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Long Term Care Insurance

Since their levels of care were so different (my mother needed most things done for her), there weren’t any facilities that would allow them to be together. They’d be across the street from each other in different wings of the home. After fifty-five years of marriage, my parents were adamant about wanting to be together in their own home, in their own bed, where they could continue to cuddle and kiss–as they so frequently did. And, since my father was so “difficult” with a terrible temper and quite a long record of manipulative disruptive behaviors, the homes didn’t want to deal with him anyway.

It was challenging, but I committed to keeping my parents in their own home and attending Adult Day Health Care five days a week. Then, with the help of two marvelous caregivers, after four more years of loving each other–they passed, just a few months apart. Even though caring for every aspect of my parents’ last years was the hardest thing I have ever done–I am proud to say I gave them the best end-of-life I possibly could.

Had I only known to insist that we buy Long-Term Care Insurance for them prior to their illnesses–their years of in-home care could have been paid for, and I could have saved myself so much heartache, not to mention a small fortune. I encourage you to learn from my mistake and look into LTC insurance long before you need it–for your loved ones as well as yourself. Like fire insurance, hopefully, you’ll never have to use it.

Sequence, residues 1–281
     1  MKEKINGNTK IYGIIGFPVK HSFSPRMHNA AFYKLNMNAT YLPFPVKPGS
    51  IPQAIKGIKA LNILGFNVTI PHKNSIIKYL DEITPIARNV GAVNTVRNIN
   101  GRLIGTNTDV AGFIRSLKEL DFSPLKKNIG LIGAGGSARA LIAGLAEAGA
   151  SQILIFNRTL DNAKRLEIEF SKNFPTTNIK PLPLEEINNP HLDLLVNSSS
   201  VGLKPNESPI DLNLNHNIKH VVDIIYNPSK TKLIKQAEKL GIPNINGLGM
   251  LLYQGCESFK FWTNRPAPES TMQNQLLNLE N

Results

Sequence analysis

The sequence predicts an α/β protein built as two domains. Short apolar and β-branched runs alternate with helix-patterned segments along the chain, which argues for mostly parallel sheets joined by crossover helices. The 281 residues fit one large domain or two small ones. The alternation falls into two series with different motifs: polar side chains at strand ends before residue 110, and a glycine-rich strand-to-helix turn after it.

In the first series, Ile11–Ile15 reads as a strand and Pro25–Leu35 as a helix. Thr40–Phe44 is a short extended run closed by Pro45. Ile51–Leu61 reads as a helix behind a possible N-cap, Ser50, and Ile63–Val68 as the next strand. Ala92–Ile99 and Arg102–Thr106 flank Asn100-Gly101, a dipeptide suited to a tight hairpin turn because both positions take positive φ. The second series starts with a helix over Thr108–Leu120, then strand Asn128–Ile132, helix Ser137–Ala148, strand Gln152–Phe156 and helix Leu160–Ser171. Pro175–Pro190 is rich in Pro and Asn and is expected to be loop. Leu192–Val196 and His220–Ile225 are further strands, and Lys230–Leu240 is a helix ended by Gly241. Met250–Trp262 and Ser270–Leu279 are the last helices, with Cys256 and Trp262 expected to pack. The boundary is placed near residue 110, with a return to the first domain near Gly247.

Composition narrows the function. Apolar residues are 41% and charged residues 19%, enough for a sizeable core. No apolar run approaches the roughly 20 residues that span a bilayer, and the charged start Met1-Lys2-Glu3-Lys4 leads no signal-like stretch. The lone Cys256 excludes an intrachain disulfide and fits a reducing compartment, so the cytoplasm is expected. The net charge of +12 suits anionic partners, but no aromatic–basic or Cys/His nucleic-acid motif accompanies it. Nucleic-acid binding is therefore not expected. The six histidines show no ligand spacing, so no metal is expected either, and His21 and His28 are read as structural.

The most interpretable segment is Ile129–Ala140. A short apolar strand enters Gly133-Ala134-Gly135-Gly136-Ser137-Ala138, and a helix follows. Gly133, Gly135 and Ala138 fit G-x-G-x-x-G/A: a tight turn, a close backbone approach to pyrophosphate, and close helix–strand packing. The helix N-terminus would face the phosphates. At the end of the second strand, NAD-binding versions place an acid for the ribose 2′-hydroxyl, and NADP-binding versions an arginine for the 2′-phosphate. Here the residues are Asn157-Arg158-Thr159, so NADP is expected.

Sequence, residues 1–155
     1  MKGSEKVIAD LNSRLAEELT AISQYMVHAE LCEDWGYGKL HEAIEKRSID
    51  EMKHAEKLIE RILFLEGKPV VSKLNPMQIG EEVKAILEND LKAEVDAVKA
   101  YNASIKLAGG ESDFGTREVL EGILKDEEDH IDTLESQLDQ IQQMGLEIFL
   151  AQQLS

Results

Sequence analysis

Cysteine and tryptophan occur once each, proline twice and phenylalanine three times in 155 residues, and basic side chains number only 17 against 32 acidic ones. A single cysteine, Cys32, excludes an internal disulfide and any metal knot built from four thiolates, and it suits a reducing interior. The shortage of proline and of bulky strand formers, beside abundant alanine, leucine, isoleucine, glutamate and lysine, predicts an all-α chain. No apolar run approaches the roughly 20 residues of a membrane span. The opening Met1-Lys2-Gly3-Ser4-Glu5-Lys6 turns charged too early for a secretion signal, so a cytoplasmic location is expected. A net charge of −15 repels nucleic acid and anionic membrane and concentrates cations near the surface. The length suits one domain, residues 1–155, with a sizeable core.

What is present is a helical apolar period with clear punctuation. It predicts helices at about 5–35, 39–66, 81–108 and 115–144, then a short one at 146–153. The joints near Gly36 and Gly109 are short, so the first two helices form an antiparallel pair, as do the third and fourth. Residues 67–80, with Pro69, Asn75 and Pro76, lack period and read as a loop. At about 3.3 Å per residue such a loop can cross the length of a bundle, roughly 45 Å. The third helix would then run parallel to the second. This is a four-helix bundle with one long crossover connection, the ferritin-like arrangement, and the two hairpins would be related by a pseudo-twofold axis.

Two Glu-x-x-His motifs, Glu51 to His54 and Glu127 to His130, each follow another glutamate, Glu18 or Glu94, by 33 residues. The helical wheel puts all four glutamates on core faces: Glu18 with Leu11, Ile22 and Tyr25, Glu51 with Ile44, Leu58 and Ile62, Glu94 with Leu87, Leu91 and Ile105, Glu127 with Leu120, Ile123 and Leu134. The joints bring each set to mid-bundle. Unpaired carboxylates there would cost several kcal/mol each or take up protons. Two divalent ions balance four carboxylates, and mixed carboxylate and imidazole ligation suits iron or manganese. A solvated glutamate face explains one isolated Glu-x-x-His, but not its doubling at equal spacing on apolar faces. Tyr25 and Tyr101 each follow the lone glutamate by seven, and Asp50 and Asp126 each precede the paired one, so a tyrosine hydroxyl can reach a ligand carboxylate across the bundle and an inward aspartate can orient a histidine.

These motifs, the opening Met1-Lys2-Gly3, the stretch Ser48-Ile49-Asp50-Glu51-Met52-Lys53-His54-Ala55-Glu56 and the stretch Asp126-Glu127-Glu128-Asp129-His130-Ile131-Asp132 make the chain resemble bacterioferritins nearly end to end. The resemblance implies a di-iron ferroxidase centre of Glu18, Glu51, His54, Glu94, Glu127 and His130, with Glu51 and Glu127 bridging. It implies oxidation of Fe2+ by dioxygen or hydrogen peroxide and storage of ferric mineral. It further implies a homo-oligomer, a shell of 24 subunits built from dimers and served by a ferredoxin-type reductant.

THREE WAYS TO PAY FOR LONG-TERM CARE

1. Pay for in-home caregivers and assisted living/nursing homes out of pocket. This is expensive and can often deplete a family’s life savings.

2. Meet a very specific poverty level and qualify for government assistance through the Medicaid program. Unfortunately, options are limited, only paying for nursing homes that accept Medicaid.

3. Buy a Comprehensive Long-Term Care Insurance policy. This protects your family’s assets from the rising costs of caring for someone who needs full time care. An employer might pay the tax-deductible premiums. Consider buying it at a younger age, when more affordable and accessible. It must be bought before a major illness strikes. Medicare and regular health insurance does not pay for long-term care. The average cost for a person who needs long-term care is $40-$70,000 annually, depending on where you live, plus the cost to the family caregiver who may have to leave their job.